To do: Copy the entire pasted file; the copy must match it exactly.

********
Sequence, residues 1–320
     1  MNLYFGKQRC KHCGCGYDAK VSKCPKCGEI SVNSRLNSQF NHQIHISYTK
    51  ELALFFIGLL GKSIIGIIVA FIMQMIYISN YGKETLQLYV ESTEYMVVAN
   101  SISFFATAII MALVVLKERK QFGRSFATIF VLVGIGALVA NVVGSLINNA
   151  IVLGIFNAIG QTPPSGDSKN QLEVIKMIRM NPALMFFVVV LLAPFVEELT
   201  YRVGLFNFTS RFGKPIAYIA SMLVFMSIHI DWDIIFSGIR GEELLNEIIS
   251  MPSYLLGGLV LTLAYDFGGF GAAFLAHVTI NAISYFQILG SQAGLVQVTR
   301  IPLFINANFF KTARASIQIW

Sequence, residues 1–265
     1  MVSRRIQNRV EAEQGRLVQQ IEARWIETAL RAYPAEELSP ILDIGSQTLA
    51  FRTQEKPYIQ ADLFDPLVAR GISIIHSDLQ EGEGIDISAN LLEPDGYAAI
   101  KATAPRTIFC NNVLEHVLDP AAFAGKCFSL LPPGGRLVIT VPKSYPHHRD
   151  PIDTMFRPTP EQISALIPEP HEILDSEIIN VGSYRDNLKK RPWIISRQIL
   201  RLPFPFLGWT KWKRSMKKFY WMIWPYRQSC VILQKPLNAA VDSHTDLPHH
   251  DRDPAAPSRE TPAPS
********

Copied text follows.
Sequence, residues 1–320
     1  MNLYFGKQRC KHCGCGYDAK VSKCPKCGEI SVNSRLNSQF NHQIHISYTK
    51  ELALFFIGLL GKSIIGIIVA FIMQMIYISN YGKETLQLYV ESTEYMVVAN
   101  SISFFATAII MALVVLKERK QFGRSFATIF VLVGIGALVA NVVGSLINNA
   151  IVLGIFNAIG QTPPSGDSKN QLEVIKMIRM NPALMFFVVV LLAPFVEELT
   201  YRVGLFNFTS RFGKPIAYIA SMLVFMSIHI DWDIIFSGIR GEELLNEIIS
   251  MPSYLLGGLV LTLAYDFGGF GAAFLAHVTI NAISYFQILG SQAGLVQVTR
   301  IPLFINANFF KTARASIQIW

Sequence, residues 1–265
     1  MVSRRIQNRV EAEQGRLVQQ IEARWIETAL RAYPAEELSP ILDIGSQTLA
    51  FRTQEKPYIQ ADLFDPLVAR GISIIHSDLQ EGEGIDISAN LLEPDGYAAI
   101  KATAPRTIFC NNVLEHVLDP AAFAGKCFSL LPPGGRLVIT VPKSYPHHRD
   151  PIDTMFRPTP EQISALIPEP HEILDSEIIN VGSYRDNLKK RPWIISRQIL
   201  RLPFPFLGWT KWKRSMKKFY WMIWPYRQSC VILQKPLNAA VDSHTDLPHH
   251  DRDPAAPSRE TPAPS